And today would have been my grandfather’s 83rd birthday. He went to be with my grandmother almost 7 years ago, but his memory and legacy live on even to this day. I think of him often because of his love for baseball and how he passed on that to my mother and indirectly to me. Like myself, he loved all the nitty-gritty, the random trivia, the history, the collective scope of the game. And my mother and I often think of him every Spring, and how he would’ve loved seeing baseball so close and personal like you can for Spring Training. We think of him at every game, wondering how he would’ve liked a certain play, or marvelled at the grace or tenacity of that snazzy catch (like Headley’s freakishly amazing snag in the 4th today), or predicted how a team or player might do over the course of the long season.
And I think of him often, almost every time I write my blog. I didn’t get to talk to him much about baseball, which is my own loss, one I grieve more and more as I dive deeper into the baseball world in this daily endeavor. But I remember his love of the game and the passion what made it a great game and what made players great players. My three-tiered system for judging a great player (ability, teamwork, and character) comes from listening to him talk about the mechanics and the instinct of a ball player.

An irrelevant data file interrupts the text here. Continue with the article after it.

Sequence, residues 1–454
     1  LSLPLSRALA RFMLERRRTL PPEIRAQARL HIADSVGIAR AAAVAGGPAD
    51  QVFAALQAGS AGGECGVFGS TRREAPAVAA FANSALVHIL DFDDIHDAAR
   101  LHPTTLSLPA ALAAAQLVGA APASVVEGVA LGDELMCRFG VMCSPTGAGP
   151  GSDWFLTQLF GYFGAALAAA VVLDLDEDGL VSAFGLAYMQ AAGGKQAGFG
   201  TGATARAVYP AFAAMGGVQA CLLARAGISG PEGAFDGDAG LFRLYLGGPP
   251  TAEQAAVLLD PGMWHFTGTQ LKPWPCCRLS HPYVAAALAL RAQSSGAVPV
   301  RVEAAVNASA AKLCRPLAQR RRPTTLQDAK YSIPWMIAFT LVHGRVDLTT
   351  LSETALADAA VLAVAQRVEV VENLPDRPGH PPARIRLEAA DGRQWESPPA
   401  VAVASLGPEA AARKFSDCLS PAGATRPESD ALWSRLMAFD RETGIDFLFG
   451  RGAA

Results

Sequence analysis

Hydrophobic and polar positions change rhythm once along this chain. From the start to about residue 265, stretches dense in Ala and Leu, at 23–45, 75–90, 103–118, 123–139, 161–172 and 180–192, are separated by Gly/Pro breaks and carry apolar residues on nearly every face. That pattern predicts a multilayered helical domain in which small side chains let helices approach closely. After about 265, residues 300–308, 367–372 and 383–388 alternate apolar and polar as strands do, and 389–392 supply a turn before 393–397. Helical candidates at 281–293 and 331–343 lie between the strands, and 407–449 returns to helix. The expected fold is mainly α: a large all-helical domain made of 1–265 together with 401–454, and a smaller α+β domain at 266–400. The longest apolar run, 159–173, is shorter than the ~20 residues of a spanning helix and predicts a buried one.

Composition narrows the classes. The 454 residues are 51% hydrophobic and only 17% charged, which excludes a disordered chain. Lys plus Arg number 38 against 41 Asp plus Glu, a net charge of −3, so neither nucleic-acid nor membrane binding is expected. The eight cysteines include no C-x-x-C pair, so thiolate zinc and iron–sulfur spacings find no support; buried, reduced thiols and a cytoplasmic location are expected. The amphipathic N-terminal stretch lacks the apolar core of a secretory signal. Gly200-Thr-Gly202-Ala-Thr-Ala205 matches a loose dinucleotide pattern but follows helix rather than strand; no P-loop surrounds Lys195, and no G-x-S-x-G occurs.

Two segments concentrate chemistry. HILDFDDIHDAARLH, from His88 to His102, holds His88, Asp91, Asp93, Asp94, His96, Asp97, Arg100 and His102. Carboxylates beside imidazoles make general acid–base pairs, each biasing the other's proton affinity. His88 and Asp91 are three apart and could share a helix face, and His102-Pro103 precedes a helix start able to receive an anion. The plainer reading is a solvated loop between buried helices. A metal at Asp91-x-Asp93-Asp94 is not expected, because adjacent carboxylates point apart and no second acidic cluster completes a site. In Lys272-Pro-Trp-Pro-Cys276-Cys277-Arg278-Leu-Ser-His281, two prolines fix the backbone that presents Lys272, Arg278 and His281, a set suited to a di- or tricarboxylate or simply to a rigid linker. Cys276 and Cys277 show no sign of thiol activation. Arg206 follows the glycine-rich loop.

I was talking with my mother tonight about some of the current players on the Yankees roster. We always shake our heads when the talking heads continually discount a certain player, especially early on in the season. A lot of the predictions are based on either numbers or reputation, and both are ridiculously faulty methods to judge in competitive sports. Ability, teamwork, and character. Numbers only line up with the ability category, and reputation is so very often the magic of some publicist or social media popularity contest. But what makes a team is teamwork. And what makes a man is character. All the talk just adds up to nothingness anyway.
(And if you were wondering, the particular player we were discussing is most definitely a great player on all three counts. And it’s an honor to watch him in pinstripes and look forward to seeing his career continue in that mode.)